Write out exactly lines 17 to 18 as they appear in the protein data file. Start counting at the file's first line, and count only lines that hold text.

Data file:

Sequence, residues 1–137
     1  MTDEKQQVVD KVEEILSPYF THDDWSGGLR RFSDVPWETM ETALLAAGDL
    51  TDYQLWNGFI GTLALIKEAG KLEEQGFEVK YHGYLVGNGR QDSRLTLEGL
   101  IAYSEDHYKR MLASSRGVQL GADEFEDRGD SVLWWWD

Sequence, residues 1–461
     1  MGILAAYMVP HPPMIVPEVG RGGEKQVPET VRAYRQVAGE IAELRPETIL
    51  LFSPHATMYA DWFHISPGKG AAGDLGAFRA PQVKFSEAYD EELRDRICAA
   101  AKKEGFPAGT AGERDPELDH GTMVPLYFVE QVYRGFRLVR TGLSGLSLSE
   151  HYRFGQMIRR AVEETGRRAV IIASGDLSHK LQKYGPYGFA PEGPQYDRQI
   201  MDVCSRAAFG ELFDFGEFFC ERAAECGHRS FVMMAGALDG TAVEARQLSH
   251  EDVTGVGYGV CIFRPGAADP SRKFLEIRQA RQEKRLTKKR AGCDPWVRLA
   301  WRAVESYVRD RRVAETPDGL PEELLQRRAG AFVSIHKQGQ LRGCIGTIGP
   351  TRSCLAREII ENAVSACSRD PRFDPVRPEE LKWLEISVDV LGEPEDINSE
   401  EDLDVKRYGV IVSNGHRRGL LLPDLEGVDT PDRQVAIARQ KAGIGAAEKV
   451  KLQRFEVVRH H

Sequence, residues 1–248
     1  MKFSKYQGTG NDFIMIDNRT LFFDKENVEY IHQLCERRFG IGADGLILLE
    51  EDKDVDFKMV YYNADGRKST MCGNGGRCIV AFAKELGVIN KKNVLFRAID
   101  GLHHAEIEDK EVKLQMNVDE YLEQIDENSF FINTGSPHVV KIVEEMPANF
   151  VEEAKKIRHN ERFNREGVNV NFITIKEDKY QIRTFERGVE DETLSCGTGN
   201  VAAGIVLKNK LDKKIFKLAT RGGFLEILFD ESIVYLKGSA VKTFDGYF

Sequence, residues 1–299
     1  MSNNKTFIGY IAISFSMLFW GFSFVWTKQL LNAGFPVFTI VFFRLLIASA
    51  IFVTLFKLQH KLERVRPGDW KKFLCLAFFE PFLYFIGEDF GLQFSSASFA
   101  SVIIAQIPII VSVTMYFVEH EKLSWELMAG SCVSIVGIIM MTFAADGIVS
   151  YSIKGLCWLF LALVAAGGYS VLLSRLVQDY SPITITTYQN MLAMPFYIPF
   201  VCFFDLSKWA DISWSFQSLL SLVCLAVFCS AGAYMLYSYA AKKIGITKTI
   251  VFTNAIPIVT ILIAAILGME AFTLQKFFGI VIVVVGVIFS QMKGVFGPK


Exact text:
     1  MKFSKYQGTG NDFIMIDNRT LFFDKENVEY IHQLCERRFG IGADGLILLE
    51  EDKDVDFKMV YYNADGRKST MCGNGGRCIV AFAKELGVIN KKNVLFRAID